May I also just say, I am sincerely astounded by the way these Big Finish stories have integrated queer characters and relationships into their folds? In a time where major television and film productions are clumsily fumbling around with or coyly sidestepping the issue altogether while at the same time queer-baiting the absolute bloody hell out of an audience, stories like this one and Bloodlust and probably a whole bunch of others I haven’t even heard yet are just casually, and organically weaving gay characters into their narratives and making it look EASY. There is a lot to love about these productions but this has to be one of the biggest things for me.

And I haven’t even gotten to the best bit! That Tony and Cassandra basically act out a Doctor Who episode! It turns out the big bag of this episode, the stoically psychotic Mrs. Hill (played with relish by Abi Harris) is extracting the attribute of a person’s personality that means the most to them in exchange for depositing them in TIME through enchanted rooms in her sprawling hotel. Oh, she also EATS the personality trait in the form of a flesh pearl. Friggen nuts, right?! I knew that time travel wasn’t exactly something that was off the table in the Dark Shadows universe, but seeing it deployed in the fairly grounded sandbox of this series was a real hoot. One that pretty much allows this show free reign when it comes to stories from now on. This episode ends with a particularly juicy cliffhanger that shows that they are at least planning to run with the craziness. Series 2 really sticks the landing but stands ready to hit the ground running once again once Series 3 comes round.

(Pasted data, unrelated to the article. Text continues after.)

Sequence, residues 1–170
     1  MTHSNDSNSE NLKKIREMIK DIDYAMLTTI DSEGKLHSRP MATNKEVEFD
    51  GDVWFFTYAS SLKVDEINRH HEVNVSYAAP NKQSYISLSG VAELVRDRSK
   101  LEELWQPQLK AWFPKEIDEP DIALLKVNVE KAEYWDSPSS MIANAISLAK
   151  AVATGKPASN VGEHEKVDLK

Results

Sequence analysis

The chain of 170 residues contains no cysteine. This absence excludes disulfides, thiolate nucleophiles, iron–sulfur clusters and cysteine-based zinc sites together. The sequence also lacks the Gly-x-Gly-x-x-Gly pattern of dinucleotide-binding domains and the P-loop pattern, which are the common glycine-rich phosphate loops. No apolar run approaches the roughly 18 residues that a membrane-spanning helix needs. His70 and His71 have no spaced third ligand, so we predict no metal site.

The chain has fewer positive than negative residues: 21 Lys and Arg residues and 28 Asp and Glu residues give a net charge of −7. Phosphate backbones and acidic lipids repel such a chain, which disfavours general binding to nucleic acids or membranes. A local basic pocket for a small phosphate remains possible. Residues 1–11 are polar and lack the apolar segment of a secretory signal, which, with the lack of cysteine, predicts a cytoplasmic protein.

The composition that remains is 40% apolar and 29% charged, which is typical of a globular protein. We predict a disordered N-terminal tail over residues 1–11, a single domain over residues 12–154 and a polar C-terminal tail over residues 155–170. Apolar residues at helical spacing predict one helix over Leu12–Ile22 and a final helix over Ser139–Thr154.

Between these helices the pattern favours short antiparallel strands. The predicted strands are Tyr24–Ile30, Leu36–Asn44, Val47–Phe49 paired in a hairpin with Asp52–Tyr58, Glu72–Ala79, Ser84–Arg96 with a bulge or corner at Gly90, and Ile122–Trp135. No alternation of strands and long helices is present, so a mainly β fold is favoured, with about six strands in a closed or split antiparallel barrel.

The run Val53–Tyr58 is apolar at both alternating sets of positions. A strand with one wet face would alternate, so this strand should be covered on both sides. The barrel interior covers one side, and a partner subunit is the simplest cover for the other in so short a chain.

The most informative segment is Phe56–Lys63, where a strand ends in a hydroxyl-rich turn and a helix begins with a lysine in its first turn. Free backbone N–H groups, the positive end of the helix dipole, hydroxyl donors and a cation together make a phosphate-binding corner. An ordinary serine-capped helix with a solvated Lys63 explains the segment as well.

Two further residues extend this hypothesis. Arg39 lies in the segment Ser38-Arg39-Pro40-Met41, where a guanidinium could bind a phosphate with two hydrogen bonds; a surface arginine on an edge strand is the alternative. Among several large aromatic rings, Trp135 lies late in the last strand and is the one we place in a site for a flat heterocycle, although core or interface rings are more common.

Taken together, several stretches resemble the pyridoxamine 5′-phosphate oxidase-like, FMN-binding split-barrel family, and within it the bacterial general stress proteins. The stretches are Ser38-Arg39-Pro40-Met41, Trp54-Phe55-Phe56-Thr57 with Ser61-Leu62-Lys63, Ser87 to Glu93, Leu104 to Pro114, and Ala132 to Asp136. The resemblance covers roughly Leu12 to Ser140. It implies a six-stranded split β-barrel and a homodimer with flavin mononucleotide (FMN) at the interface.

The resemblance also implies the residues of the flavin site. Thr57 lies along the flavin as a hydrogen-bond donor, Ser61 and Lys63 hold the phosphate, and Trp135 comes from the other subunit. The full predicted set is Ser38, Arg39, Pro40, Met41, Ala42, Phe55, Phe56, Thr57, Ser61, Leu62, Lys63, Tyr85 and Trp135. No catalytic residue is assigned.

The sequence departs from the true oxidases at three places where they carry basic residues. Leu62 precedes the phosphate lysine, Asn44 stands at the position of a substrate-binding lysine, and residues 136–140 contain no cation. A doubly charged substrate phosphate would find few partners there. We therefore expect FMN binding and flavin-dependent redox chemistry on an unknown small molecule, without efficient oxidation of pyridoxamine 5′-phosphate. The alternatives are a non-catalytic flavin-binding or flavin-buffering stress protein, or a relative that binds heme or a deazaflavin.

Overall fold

I really can’t wait, but for now I am happy with how “The Mystery of the Soulmates Hotel” ends the series. Even if I do have to wait another year until I find out just what the hell happens. I suppose for now we can just be happy with the stellar audio adventures. Being a Dark Shadows fan is such a hard lot in life, isn’t it? And that is another beat walked for your humble narrator! And I hope you had just as much fun walking it with me! If you didn’t, take it up with the head office. I just work here.

Until next time, please please please send along any suggestions you might have about what I should listen to or read or watch next! I actually have a TV in my room over at the Collinsport Inn so I can watch stuff! It even has TWO knobs! Can ya believe it?! I have also heard some chatter about me tackling more of the “1983” stories post-Bloodlust, which would be fun to hear before Bloodline comes out (but keep your eyes peeled for something special possibly happening for that particular serial, my good ghouls). Admittedly, I have had my eye on one or two of the “1973” series myself. Stories like Beyond the Grave, starring my beloved, doomed Kate Ripperton and The House by the Sea starring my favorite classic Doctor (don’t @ me) Colin Baker. It is an embarrassment of dark riches, friends, but I wanna hear what YOU think either by e-mail or Twitter, or Facebook, or even dark words on dark wings. I am pretty sure we have a rookery here.

Be seeing you. 

Justin Partridge has always loved monsters and he thinks that explains a lot about him. When he isn’t over analyzing comics at Newsarama or ranting about Tom Clancy over at Rogues Portal, he is building Call of Cthulhu games, spreading the good word of Anti-Life, or rewatching Garth Marenghi's Darkplace for the dozenth time. He can be reached at the gasping Lovecraftian void that is Twitter @j_partridgeIII or via e-mail at Odds are he will want to talk about Hellblazer.